I swear, this is the best possible word to describe myself.
If I look at my life at any moment, at least one aspect of it is a mess.
My house is a mess...
My car is a mess...
Our schedule is a mess...
...and even sometimes my marriage is a mess.
In our house, we love hard, we play hard, we are messy.
Parenting, marriage, and friendships aren’t wrapped up in packages with shiny bows.
We’re imperfect people, and with imperfection comes mess. And friends, that’s okay.
One of the mistakes I often make is pretending that I’m not messy.
I’m kind of a disaster, and most of the time, I’m doing everything I can to keep from self-destructing.
Something I have learned that is really important because it impacts those we love is this:
When we pretend to be perfect, we make other people feel like they have to be perfect
What we end up with is... a string of shallow relationships that are built on what we allow others to see in us, instead of who we truly are. This is sad, friends. We need to be authentic and transparent. I can’t stress it enough!
We have this amazing opportunity to free ourselves and others from the idea of perfection by admitting that we aren’t perfect.
By stating our struggles, sharing our mistakes, and being there for others when they confess their imperfections to us, we can build real, authentic communities.
Communities can’t be built on images. They have to be built on loving people just the way they are.
The real, messy, dirty stuff that comes along with you is the same junk your friend carries with her! Share this burden, so neither of you have to do life alone!
Community-the real kind-allows for the sharing of grief, hurt, joy, anger-- all of it.
Without fear of judgement...
Without fear of being disowned...
With complete confidence that whatever is said will be kept in the community...
Can we do that, friends? Can we share our mess with others?
Man, I hope so.
Because pretending is exhausting.
Life is messy and chaotic, but, it is beautiful, too.
Can’t we look back at some of the moments when we thought we were drowning and see how that difficult time brought beauty?
How that season of garbage made our marriage closer.
How the time the pantry was empty gave us hearts for the poor.
How the months we were floundering as parents made our child see that we would not let them fall away.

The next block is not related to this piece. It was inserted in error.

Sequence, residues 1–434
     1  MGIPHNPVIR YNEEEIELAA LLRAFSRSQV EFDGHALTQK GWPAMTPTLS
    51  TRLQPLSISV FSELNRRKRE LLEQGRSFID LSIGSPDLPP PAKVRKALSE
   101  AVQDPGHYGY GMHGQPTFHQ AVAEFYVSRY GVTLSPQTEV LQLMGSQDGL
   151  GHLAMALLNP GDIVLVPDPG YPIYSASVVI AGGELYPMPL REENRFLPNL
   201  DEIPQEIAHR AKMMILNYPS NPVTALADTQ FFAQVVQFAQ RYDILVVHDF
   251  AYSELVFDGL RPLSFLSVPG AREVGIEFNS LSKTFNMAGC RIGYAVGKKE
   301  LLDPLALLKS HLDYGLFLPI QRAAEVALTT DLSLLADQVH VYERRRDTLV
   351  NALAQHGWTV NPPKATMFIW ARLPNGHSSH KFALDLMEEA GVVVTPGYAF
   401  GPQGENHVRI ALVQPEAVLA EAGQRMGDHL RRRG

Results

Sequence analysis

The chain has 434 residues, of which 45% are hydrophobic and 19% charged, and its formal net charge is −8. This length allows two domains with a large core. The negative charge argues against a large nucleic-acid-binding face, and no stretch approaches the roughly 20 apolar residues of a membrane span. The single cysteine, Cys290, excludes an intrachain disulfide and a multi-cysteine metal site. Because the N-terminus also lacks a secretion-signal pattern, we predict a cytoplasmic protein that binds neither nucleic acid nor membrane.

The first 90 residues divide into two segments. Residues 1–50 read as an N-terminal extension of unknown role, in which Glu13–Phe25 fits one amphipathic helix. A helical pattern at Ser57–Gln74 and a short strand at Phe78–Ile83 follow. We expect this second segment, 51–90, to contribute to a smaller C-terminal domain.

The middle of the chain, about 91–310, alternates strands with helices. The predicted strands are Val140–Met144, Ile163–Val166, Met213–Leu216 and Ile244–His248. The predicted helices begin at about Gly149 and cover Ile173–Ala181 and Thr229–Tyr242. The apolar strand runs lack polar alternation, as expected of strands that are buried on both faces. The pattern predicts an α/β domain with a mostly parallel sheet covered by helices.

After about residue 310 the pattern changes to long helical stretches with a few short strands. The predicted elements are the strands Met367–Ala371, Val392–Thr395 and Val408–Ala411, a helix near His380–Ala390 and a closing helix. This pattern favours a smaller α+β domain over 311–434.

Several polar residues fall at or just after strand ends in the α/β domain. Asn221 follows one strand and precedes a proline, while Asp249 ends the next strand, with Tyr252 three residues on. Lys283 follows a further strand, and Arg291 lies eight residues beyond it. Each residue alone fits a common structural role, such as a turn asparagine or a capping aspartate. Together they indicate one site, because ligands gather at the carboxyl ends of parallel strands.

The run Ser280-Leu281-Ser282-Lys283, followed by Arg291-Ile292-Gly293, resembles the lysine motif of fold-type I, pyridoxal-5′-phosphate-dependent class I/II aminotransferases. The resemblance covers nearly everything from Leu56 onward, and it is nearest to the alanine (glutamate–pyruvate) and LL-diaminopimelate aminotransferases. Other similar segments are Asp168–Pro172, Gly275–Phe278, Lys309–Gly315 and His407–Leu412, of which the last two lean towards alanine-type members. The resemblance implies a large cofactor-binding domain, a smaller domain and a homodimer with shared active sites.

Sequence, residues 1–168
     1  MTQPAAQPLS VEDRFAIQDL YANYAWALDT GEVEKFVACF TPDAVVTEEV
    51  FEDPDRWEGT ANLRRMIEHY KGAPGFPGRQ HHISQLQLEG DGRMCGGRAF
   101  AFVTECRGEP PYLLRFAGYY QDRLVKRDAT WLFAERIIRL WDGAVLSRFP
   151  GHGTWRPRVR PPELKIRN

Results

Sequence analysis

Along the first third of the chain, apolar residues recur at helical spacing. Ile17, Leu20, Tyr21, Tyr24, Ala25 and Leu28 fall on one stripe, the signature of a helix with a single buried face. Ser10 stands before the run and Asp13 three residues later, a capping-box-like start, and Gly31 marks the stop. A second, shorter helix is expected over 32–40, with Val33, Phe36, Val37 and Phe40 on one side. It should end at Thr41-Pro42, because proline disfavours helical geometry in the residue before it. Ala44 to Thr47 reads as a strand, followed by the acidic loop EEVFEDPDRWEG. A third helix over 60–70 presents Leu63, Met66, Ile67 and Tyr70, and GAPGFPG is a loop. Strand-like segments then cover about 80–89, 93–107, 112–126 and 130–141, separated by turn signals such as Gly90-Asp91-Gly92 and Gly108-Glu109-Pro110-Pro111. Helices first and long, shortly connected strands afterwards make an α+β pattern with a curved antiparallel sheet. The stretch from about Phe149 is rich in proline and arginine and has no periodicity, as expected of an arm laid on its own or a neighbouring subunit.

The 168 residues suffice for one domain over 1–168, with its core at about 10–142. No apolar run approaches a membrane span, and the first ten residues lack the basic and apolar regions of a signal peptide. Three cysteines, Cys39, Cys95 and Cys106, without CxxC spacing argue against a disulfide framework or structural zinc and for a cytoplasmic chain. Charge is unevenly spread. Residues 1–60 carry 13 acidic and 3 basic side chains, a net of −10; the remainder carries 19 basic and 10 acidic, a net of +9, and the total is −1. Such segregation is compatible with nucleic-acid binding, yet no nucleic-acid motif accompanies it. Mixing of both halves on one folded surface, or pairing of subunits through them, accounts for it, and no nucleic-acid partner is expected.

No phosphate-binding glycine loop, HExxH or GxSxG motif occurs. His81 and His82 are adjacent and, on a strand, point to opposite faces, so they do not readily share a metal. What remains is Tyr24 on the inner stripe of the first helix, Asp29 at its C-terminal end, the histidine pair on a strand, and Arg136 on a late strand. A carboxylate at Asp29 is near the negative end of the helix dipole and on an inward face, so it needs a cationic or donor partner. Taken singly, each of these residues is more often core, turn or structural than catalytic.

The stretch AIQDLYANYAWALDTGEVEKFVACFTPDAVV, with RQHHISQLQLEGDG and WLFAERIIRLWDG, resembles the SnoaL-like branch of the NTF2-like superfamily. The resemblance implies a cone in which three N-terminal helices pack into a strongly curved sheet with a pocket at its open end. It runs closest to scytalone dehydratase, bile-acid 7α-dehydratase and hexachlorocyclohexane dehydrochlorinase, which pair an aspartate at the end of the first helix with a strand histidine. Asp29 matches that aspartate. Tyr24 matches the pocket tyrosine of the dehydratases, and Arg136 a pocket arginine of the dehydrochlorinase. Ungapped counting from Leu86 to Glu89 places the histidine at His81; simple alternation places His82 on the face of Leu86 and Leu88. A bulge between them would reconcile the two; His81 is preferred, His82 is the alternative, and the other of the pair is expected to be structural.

We have someone to lean on...
We have someone to tell you there is beauty at the end...
We might even have someone who has already been there, and can help us navigate the muddy waters of our problems...
"I'm a full-time mom and a sometimes teacher who loves Jesus, her husband, and a great cup of coffee. Oh, and Moscato. For the days when coffee isn't quite strong enough."
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More about Becky:
I’m Becky—Rebecca, really, but nobody actually calls me that. Not even when I’m in trouble. First, and most completely, I’m a follower of Jesus. I wish I were perfect in this walk, but, maybe like some of you, I’m simply doing as best I can, relying on His perfection to fill in the cracks. And there are lots of cracks.
Together with the tall, adorable soldier I married over a decade ago, I have three children: Mak, P, and G, and one miniature dachshund named Izzy. Our life together is located somewhere between Complete Chaos and Slightly Insane. We’re a messy bunch; we do loud and crazy, and we laugh a lot. My beautiful, precious tribe is worth their weight in dark chocolate brownies.
I’m an unapologetic fan of The University of North Carolina Tar Heels (where I earned a degree in elementary education), Peyton Manning, and chocolate chip cookies. Not always in that order, but with equal amounts of love and dedication.
Last, I am a Teller of Stories. My story mostly. I think our stories are important, not only because they shape who we are, but because they can be used to help and encourage others. Stories bring people together. Stories give us a new perspective. It’s my wish that you find that in this little corner.